LAST YEAR: Denny Hamlin led 76 laps to win this even a year ago. Austin Dillon was second and Joey Logano third. Logano led the final 12 laps to win at Charlotte in October. Elliott Sadler was second and Daniel Suarez was third.

STARTING LINEUP: Qualifying is at 10:05 a.m.

Today’s schedule at Charlotte: Cup practice, Xfinity qualifying and race

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NASCAR goes racing today with the Hisense 4K TV 300 Xfinity Series race at Charlotte Motor Speedway.

Denny Hamlin won this race last year.

Here is today’s track schedule, as the countdown to Sunday’s main event of the weekend, the Coca-Cola 600, ticks closer:

(All times Eastern)

6:30 a.m. – Xfinity garage opens

7:30 a.m. – 4 p.m. – Cup garage open

9 – 9:55 a.m. – Cup practice (FS1)

10:05 a.m. – Xfinity qualifying (multi-vehicle, three rounds) (FS1)

11:15 a.m. – Xfinity driver/crew chief meeting

11:30 a.m. – 12:20 p.m. – Cup final practice (FS1)

12:30 p.m. – Xfinity driver introductions

1 p.m. – Xfinity Hisense 4K TV 300 (200 laps, 300 miles) (FS1, PRN, SiriusXM NASCAR Radio)

My Home Track: North Carolina’s Caraway Speedway (video)

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Sure, NASCAR is synonymous with Daytona Beach, the state of Florida and Daytona International Speedway.

But there is no other state that is so linked to NASCAR than the Tar Heel state, North Carolina.

Numerous racetracks, from the smallest grassroots short track to Charlotte Motor Speedway dot the state, offering a plethora of race action from amateur all the way to the best of the best.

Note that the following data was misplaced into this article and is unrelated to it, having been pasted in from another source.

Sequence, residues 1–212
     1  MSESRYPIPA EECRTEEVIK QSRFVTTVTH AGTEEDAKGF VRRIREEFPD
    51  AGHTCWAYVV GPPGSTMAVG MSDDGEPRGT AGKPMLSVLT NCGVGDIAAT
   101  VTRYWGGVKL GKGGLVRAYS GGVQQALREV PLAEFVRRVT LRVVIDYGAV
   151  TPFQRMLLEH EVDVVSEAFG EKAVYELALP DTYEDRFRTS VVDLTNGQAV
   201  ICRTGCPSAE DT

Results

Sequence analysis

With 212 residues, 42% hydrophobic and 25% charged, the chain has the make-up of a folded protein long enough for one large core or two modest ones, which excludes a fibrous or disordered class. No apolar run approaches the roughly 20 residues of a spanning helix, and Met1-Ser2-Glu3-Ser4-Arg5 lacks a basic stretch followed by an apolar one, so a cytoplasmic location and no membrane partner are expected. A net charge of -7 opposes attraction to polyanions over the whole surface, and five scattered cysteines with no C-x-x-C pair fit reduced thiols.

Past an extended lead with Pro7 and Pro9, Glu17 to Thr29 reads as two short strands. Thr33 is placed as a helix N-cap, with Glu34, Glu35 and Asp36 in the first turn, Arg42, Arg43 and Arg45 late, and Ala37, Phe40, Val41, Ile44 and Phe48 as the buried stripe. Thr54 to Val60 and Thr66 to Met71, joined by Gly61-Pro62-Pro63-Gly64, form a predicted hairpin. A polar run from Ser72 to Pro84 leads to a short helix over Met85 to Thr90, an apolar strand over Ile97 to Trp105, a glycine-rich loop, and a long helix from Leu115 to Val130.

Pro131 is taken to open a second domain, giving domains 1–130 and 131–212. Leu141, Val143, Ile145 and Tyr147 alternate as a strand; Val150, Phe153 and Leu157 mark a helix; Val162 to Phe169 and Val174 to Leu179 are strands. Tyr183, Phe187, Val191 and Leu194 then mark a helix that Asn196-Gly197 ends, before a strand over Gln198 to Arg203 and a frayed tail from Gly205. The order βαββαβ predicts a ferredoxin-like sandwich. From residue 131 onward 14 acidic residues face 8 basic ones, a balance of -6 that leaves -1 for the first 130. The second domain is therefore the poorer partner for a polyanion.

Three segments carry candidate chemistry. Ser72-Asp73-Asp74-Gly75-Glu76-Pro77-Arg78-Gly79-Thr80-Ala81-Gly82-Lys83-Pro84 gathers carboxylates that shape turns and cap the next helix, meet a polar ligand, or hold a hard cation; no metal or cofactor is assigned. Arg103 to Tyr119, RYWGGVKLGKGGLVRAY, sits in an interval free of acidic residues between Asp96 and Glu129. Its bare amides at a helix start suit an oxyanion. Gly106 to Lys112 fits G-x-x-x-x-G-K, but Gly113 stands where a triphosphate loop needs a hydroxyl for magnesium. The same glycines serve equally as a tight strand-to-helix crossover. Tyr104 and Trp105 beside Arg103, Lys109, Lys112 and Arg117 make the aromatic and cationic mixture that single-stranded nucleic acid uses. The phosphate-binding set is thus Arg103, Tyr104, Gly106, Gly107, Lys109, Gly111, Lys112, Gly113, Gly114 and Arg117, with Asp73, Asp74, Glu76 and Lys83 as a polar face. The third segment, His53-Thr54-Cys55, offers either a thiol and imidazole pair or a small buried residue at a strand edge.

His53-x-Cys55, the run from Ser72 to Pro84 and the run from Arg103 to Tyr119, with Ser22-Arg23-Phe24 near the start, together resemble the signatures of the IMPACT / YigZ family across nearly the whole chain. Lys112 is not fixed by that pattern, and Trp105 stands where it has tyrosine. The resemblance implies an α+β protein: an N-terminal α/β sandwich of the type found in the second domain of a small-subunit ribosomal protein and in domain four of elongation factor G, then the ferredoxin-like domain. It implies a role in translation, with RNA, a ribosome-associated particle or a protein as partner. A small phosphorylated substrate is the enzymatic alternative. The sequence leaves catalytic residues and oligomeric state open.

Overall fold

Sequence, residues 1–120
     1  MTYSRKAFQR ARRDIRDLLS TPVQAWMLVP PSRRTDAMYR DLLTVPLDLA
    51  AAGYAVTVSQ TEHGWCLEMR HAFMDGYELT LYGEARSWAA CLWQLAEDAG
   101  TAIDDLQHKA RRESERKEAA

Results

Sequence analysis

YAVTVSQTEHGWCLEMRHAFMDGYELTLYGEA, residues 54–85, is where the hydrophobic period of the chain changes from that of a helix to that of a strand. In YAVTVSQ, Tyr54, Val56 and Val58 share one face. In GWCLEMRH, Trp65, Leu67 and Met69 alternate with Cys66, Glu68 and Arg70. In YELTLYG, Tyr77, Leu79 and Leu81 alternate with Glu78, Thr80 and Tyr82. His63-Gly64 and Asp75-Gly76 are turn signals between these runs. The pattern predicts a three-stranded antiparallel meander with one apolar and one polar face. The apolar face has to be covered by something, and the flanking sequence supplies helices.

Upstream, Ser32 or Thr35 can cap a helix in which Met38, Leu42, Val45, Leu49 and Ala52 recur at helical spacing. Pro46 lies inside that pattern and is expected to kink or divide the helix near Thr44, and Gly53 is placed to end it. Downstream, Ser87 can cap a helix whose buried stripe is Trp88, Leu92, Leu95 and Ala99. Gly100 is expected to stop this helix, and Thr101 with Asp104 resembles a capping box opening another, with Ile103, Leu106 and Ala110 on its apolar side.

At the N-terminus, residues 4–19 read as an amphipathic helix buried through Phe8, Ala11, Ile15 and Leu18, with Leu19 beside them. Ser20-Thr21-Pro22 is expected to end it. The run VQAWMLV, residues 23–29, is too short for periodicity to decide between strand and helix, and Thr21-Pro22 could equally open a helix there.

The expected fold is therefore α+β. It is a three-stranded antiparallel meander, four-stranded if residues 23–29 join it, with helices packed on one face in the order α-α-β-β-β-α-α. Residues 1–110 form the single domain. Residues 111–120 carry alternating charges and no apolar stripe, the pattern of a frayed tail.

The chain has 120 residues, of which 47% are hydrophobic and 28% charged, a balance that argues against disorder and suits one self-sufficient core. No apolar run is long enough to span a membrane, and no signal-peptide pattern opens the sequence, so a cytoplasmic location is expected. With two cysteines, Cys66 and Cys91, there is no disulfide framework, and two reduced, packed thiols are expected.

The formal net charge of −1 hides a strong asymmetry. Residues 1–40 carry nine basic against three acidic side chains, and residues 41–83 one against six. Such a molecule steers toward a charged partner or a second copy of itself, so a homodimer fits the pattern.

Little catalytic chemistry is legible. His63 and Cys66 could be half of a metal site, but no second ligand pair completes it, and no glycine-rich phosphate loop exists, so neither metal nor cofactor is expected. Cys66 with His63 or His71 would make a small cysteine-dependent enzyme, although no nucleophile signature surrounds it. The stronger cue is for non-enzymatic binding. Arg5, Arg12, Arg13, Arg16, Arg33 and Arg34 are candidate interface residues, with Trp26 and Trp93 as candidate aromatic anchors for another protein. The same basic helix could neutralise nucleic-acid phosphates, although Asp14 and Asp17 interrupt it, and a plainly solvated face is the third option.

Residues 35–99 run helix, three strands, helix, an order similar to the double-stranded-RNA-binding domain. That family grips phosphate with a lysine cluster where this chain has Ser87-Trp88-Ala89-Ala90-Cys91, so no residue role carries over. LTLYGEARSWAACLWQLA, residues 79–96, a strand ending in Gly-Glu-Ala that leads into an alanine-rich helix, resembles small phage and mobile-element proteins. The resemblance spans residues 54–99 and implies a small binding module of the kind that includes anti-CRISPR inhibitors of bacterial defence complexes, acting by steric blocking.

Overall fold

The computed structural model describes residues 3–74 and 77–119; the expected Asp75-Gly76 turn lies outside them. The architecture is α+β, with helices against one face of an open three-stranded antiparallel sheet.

On Friday’s My Home Track: 50 States in 50 Shows segment, NASCAR America’s Kyle Petty shared some of his fondest memories of one of his favorite short tracks, Caraway Speedway.

Check out the video above.

NASCAR America: Steve Letarte reflects on mentor Ray Evernham’s Hall of Fame selection

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Steve Letarte learned the sport of NASCAR from a number of different individuals.

But no one compares to Letarte’s greatest mentor, Ray Evernham, who was selected earlier this week as one of five individuals that will enter the NASCAR Hall of Fame in its 2018 class.

Evernham, who led Jeff Gordon to three of his four NASCAR Cup championships as Gordon’s crew chief, was not only an innovator in the sport, but also a leader, mentor and team owner.

On Friday’s NASCAR America, Letarte, an Evernham protege, discussed what made his former boss, teacher and close friend so special.  Check out the video above.